The bottom line of this activity is value and impact back to the American taxpayer and the U.S. economy. CASIS, as a component of its efforts, has developed methods of assessing the value creation of the projects in its portfolio. The projected value of the ISS National Lab portfolio has now exceeded $900 million in incremental revenue tied directly to ISS National Lab projects, while addressing markets of more than $110 billion, new jobs created, value of improvement to lives, new solution pathways of innovation derived, and many other indicators of value and impact.
In this report, you will learn more about these and other key achievements across the many dimensions of the ISS National Lab mission, including:
- Our vision to bring about a sustainable and viable LEO marketplace for R&D and economic growth.
- Success in building demand with non-traditional space research customers that return economic, innovation, and social value back to U.S. taxpayers through the ISS National Lab. We are continuing to see growth in private-sector engagement and investment in ISS National Lab initiatives, and our value-impact assessment framework has allowed for an improved selection process that aims to optimize impact through quantification of project feasibility and impact.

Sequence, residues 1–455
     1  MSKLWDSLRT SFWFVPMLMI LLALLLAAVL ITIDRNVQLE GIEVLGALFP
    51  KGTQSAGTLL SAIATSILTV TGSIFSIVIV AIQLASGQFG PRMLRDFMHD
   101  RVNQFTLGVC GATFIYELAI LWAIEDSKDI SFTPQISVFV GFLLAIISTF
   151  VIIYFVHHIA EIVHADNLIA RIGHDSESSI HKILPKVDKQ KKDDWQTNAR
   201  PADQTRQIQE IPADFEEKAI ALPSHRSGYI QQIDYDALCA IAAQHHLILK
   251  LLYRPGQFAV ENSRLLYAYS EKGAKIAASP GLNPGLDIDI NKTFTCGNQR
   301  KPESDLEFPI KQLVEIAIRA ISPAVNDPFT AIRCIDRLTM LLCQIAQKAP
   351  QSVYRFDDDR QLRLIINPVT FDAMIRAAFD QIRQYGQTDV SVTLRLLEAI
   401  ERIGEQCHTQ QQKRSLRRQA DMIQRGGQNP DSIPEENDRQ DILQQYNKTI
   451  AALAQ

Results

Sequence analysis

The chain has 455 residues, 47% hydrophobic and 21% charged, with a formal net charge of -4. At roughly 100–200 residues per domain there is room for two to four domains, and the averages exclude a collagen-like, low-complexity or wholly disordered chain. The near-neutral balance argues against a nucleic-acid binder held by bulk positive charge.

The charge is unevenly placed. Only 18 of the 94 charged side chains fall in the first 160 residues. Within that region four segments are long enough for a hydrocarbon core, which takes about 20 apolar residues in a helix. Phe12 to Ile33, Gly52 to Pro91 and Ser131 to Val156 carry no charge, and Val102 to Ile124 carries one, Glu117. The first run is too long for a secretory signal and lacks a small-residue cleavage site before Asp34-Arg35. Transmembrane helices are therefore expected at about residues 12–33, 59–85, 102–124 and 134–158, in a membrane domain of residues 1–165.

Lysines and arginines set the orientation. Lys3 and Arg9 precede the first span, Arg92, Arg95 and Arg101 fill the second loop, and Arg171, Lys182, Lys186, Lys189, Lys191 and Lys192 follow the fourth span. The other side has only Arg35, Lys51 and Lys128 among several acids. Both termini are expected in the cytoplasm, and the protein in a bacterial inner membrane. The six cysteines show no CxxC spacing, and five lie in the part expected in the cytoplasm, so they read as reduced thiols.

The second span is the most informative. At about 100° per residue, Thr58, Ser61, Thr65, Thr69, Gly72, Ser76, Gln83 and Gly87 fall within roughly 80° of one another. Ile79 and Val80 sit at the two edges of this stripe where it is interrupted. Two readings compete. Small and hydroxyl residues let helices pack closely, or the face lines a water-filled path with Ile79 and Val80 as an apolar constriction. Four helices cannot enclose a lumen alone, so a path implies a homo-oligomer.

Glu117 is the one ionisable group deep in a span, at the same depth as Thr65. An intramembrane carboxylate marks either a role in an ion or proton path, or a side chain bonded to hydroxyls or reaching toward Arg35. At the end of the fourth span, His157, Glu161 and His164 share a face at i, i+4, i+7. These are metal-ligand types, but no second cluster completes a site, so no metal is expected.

- Powerful partnerships with corporations and other government agencies that are solving major problems on Earth.
- Activities focused on maximizing utilization through CASIS logistics and operating procedures that fairly and transparently enable commercial service expansion and contribute to the success of our Implementation Partners.